Last week I penned a piece on the case forÃ‚Â the bailout of GM as long as everybody else was begging with their cup out. In that piece, I pulled out the tissue to talk about the sad tale of pension woes and skyrocketing health care costs as reasons to feel sorry for GM. Well, that is, after all, the view presented by Detroit Free Press writer Tom Walsh in his touching piece about GM’s request. But, I have had a change of heart. And the funniest part about that change of heart is that the positions of the presidential candidates gave me the opportunity to do that. So thank you Senators McCain and Obama!
As we have been discussing, we decided to take a deeper look at the planks and platforms of the presidential candidates as they relate to the manufacturing industry. According to a summary of those positions found in this IndustryWeek.com article, we thought we would comment on the candidates’ views on the automotive industry.
McCain: He supports a tax credit for consumers based on the reduction of carbon emissions. Specifically, he would give a $5000 tax credit to anyone that buys a zero carbon emission car. Other vehicles, according to the article, would be part of a graduated tax credit. McCain would also offer a $300m prize for “the development of a battery package that has the size, capacity, cost and power to leapfrog the commercially available plug-in hybrids or electric cars.” In addition, McCain supports CAFE standards, mileage requirements automakers must meet. When they don’t, according to the IndustryWeek article, they pay a small penalty. McCain advocates for more stringent penalties.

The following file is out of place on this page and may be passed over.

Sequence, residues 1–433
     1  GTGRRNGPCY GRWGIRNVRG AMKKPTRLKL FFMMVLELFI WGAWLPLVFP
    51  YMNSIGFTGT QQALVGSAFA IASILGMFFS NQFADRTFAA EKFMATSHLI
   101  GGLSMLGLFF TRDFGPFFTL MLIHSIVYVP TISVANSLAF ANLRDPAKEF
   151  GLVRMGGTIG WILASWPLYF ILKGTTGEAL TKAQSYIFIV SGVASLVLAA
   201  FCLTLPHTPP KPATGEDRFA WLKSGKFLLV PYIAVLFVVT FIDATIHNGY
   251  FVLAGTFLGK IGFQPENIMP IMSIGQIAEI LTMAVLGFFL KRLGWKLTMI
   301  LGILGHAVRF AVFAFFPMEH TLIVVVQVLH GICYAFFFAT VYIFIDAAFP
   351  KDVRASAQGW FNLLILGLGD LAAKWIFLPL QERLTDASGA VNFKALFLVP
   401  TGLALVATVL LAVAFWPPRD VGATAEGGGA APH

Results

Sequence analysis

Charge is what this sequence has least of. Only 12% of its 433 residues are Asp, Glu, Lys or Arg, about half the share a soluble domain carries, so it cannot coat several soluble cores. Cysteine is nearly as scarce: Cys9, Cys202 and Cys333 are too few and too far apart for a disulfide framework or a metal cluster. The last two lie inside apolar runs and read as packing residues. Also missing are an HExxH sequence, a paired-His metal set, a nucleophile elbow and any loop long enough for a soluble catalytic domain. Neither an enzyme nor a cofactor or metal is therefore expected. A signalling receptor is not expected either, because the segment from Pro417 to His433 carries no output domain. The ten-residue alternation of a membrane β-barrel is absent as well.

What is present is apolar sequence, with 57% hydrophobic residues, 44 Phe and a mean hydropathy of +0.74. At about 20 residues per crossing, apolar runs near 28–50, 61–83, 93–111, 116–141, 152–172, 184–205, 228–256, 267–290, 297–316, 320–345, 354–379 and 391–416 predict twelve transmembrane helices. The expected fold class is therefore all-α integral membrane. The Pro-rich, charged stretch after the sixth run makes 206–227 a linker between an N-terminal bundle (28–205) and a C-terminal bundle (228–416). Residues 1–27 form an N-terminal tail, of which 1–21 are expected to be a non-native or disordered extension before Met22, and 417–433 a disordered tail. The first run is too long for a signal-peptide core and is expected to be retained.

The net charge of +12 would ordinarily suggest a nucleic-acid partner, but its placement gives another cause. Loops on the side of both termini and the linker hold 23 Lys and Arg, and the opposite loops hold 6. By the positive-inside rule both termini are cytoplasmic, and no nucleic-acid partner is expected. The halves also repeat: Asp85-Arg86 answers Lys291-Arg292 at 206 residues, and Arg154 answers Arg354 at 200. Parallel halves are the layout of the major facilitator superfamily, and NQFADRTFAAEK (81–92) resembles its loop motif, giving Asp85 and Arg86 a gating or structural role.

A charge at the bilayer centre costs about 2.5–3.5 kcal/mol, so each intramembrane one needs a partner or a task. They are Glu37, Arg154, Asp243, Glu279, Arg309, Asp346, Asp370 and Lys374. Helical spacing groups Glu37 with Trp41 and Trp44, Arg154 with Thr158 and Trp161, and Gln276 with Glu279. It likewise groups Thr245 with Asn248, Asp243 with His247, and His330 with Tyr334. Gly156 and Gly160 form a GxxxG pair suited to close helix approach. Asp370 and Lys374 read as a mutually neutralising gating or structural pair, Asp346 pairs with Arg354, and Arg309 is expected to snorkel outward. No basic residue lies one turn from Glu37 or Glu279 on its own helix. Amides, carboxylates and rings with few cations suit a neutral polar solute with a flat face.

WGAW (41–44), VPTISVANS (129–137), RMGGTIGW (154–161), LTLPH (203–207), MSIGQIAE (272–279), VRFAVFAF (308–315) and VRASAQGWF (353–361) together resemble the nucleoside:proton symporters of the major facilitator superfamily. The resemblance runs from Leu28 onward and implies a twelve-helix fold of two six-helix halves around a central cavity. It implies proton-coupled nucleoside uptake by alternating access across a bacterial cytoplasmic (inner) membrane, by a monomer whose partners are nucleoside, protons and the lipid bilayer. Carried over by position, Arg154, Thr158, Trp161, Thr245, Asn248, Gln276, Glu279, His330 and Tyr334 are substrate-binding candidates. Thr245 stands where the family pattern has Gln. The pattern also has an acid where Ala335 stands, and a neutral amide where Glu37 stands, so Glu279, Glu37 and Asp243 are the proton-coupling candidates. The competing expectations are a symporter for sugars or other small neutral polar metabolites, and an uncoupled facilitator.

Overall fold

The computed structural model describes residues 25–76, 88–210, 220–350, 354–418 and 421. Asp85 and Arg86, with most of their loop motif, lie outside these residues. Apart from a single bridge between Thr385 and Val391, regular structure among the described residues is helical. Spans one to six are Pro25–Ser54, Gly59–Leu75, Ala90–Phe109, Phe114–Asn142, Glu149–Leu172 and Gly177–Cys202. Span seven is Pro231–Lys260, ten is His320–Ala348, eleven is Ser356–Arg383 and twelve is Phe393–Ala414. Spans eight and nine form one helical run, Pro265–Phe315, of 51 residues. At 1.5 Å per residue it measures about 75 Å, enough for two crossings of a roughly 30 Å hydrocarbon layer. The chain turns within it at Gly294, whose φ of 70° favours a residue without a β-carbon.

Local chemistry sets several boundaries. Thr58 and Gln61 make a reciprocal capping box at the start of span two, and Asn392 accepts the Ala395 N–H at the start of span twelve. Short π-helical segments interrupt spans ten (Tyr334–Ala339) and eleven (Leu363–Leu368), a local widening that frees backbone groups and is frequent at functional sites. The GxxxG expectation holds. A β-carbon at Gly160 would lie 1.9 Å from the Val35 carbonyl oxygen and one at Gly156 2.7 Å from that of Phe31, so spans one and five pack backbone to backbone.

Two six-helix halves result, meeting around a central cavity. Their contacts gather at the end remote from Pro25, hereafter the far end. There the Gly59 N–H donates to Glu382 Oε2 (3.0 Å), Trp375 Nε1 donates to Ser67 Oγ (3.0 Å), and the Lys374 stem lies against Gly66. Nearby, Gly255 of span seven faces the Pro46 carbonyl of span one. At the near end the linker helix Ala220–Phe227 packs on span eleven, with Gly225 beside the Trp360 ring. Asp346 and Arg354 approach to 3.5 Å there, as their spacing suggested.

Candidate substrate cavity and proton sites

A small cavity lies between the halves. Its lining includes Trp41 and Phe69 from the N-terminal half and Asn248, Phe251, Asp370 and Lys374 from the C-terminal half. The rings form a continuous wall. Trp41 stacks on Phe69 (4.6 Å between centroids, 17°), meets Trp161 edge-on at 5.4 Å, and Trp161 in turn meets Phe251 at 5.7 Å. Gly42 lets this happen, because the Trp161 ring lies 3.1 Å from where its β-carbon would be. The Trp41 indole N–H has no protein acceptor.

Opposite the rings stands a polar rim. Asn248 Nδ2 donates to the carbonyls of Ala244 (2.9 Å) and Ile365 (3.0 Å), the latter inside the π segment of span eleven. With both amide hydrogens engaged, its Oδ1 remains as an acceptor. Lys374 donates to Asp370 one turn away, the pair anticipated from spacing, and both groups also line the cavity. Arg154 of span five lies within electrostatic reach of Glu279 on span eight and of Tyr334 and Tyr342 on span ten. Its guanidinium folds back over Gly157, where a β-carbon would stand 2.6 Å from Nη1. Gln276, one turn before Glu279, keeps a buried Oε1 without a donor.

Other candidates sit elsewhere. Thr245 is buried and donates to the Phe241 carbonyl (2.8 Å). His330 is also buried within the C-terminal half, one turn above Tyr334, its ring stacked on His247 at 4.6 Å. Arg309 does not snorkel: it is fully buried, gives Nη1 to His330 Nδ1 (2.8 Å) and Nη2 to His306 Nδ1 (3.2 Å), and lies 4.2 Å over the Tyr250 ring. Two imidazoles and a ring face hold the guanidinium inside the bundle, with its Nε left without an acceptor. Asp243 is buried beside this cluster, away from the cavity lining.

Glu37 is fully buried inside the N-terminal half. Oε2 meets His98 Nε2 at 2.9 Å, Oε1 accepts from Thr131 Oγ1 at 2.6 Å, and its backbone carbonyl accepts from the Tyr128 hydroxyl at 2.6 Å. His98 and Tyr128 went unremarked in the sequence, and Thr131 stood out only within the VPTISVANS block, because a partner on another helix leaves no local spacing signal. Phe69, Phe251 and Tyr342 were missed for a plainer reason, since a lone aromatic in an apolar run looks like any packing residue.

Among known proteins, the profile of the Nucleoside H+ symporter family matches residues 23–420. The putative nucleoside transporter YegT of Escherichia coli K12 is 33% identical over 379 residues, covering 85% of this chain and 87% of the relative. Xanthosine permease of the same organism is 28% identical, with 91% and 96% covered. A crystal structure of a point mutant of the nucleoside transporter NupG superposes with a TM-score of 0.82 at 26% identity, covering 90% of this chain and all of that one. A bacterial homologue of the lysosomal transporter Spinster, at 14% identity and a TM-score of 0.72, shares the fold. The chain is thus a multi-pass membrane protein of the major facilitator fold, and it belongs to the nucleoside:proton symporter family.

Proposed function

Obama: Also supports a tax credit for purchasing fuel efficient vehicles. Obama’s credit would be $7000 per vehicle. He would also “establish a National Low Carbon Fuel Standard (LCFS) to reduce carbon in fuels 10% by 2020.” He also supports the notion of placing 60 billion gallons of advanced oil fuels into the supply by 2030. What is perhaps the most striking portion of Obama’s automotive platform, however, is to provide $4b to the automakers to “re-tool” their facilities for such vehicles. (Obama also supports increasing fuel economy standards 4% per year).
There are certain industries that are able to apply for and obtain various research grants, stipends or qualify for loan guarantees (the Small Business Administration comes to mind) from the Federal Government. But most rank and file manufacturers that we work with can only “re-tool” when they have earned enough profits to re-invest them into the business. Then, they can take advantage of various R&D tax credits. If the US government allows GM and the others to “re-tool”, then we really have created a precedent for all sorts of bail-outs, hand-outs, subsidies, outright grants, whatever you want to call them for all companies within any industry.
In consulting we say, “you get the behavior that you incent to get”. Both candidates have it right by encouraging consumers to buy fuel efficient cars (just like Bush eh with that SUV tax credit?). But a re-tooling bailout is not the answer.